Special poster session for young professionals

International conference on

Addressing Poverty and Vulnerability in the Hindu Kush Himalayas

Forging regional partnerships to enable 

transformative change
Kathmandu, Nepal

1–4 December 2013


Special poster session for young professionals

A special session devoted to showcasing cutting edge research and innovative development approaches will be organized during the last day of the Conference. The aim of this special session is to provide a forum to young professionals from the region to showcase research findings on the main sub-themes of the Conference.


The themes are:

  • Quantitative Approaches for Effective Targeting of Poverty and Vulnerability
  • Challenges in Inclusive Development (Gender, Indigenous Communities and Marginalized Groups)
  • Migration and Remittances
  • Climate Change Adaptation
  • Mountain Goods and Services
  • Inclusive Economic Development


Young professionals (up to 35 years old) are encouraged to submit a 300 word abstract highlighting their research findings in any of the themes listed above in addition to a visual outline of the poster. The research work should highlight issues/concerns, or document innovative approaches that address critical issues within the particular sub-theme, and thus contribute to the deliberation on the sub-themes during the Conference. A total of approximately 24 posters will be selected for presentation covering all the eight countries of theHindu Kush Himalayas. Selected poster presenters will be provided support to attend the Conference.



Please send your abstracts and visual outline of the poster to [email protected] latest by 20 October 2013


Selected young professionals will be informed of their selection by the end of 1 November. The poster session is only open to the young professionals from countries in the HKH region.



(The announcement has been published for wide dissemination to attract prospective  participants at the marketplace as requested by ICIMOD.The announcement has been taken from the link:

Seminar on the Guidelines of the JSPS fellowship Programmes held in Dhaka, Bangladesh :Dr.Syed Md.Zainul Abedin

Seminar on the Guidelines of the JSPS fellowship Programmes held in Dhaka, Bangladesh


The Bangladesh JSPS Alumni Association (BJSPSAA) and the Japan Society for Promotion of Science (JSPS) Bangkok office  jointly organized  a seminar on  14 September 2013   to introduce the JSPS fellowship guidelines to the potential future JSPS fellows in Bangladesh.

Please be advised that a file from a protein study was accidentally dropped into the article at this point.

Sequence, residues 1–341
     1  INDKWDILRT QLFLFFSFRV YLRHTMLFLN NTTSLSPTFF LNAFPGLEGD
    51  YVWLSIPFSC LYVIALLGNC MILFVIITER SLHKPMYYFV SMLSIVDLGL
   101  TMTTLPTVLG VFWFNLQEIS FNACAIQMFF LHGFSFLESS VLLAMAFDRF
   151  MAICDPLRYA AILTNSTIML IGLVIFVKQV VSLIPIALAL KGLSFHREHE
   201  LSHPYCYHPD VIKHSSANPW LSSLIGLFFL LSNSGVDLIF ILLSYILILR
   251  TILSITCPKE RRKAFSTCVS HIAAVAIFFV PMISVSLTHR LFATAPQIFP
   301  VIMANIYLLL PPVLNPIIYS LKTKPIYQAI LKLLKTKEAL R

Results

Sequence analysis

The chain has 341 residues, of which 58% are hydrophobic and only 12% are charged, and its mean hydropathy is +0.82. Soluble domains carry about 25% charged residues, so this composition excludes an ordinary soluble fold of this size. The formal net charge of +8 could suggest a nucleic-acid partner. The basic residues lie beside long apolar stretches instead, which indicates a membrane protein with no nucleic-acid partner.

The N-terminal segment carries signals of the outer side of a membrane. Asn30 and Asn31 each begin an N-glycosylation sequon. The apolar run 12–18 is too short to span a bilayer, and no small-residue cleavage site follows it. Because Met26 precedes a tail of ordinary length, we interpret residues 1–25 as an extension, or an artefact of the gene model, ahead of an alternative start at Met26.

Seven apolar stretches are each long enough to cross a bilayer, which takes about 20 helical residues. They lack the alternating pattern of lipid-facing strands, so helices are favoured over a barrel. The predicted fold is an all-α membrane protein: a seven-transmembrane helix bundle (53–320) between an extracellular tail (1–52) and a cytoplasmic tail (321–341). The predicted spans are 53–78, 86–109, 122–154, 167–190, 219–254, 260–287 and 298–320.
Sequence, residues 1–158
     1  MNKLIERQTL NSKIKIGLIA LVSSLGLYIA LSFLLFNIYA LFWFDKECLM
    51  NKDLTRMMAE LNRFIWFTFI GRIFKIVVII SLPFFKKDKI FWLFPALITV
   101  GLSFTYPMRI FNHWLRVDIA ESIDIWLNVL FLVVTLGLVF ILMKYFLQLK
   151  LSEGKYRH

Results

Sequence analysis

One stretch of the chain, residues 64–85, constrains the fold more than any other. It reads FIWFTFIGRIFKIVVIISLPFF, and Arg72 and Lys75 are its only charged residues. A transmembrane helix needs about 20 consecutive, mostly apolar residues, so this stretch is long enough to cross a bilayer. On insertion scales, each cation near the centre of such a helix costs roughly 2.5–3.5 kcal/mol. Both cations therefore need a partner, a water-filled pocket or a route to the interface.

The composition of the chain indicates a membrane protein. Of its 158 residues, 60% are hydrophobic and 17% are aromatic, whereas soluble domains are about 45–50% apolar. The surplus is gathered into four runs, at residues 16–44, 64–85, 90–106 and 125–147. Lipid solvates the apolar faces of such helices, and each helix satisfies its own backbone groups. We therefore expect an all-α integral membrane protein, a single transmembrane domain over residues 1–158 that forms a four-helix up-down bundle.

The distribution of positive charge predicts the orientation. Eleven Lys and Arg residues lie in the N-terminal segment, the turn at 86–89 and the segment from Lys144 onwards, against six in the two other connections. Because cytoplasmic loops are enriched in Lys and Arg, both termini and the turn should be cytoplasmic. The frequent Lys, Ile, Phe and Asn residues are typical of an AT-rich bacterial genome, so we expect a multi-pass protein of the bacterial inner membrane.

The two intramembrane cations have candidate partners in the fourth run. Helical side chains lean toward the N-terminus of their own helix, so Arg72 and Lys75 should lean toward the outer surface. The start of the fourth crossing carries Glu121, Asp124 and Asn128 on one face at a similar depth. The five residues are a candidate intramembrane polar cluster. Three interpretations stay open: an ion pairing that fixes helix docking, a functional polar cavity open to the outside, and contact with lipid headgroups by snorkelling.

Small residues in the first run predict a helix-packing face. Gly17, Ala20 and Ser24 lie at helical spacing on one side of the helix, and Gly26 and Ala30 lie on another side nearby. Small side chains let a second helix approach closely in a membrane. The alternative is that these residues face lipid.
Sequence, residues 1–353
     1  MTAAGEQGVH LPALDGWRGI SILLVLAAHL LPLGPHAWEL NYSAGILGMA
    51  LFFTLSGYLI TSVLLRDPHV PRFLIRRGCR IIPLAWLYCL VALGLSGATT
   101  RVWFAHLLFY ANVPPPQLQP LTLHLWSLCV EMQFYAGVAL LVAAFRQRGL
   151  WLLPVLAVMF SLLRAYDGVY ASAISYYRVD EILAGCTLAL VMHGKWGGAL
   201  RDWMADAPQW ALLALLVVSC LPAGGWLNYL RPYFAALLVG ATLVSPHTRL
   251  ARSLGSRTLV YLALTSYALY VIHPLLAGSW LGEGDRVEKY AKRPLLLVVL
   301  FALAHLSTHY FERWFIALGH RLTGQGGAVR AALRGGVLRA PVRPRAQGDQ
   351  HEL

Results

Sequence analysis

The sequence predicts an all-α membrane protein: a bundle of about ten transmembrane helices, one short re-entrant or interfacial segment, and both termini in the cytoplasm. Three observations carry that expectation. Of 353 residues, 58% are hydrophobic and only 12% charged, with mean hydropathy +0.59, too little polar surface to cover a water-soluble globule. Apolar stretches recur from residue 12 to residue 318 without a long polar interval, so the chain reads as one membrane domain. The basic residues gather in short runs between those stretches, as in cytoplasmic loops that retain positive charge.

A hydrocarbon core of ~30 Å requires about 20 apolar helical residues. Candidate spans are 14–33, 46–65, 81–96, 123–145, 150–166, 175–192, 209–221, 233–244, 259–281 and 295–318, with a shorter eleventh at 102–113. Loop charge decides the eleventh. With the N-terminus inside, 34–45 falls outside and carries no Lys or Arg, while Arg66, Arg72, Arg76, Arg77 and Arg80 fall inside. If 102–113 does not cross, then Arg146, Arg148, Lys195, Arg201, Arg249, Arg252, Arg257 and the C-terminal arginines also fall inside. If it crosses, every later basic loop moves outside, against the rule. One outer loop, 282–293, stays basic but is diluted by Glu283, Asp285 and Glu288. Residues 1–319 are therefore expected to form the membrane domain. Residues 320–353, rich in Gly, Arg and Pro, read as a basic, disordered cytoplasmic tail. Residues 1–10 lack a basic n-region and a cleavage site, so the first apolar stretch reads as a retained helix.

The seminar was held at Watercress Restaurant, 186 Bir Uttam Mir Shawkat Sarak, Tejgaon, Dhaka,Bangladesh under the chairmanship of    Prof. Dr. M. Afzal Hossain, President, BJSPSAA.

Prof. Dr. Kuniaki Yamashita, Director, JSPS Bangkok office was the speaker

at the seminar.He explained elaborately about the various categories of Japan Society for Promotion of Science (JSPS) scholarships through a PowerPoint presentation.

Dr. Nur Ahamed Khondaker,General Secretary, BJSPSAA assisted Prof. Dr. Kuniaki Yamashita while he presented the seminar.He  appreciated and thanked Prof. Dr. Kuniaki Yamashita for coming to Bangladesh to encourage Bangladeshi scientists to secure higher opportunities.He also thanked  Dr. M. Abdul Maleque, Research and Publication Secretary, BJSPSAA for inviting and contacting personally all participants to attend the seminar.

Prof Dr M Amzad Hossain,Department of Aquaculture, BSMRAU, Salna, Gazipur who recently returned from Japan after availing JSPS program shared his experience in Japan.

The floor was opened for questions from the participants regarding various aspects of the JSPS programs. Prof. Dr. Kuniaki Yamashita and  Mr.Daisuke Yamada of JSPS Bangkok office,leaders of The Bangladesh JSPS Alumni Association (BJSPSAA) answered the questions.All of them encouraged the participants for applying for the JSPS programs.They also requested the interested persons to visit the website of JSPS for

taking timely steps for application and complying with necessary formalities.The website of JSPS is and it provides  all aspects of the international


Prof. Dr. M. Afzal Hossain, President, BJSPSAA thanked Prof. Dr. Kuniaki Yamashita

for organizing the seminar in Bangladesh in his concluding address. He hoped that many Bangladeshi scientists will avail the JSPS programs and thus the friendly ties between Bangladesh and Japan will be enhanced remarkably.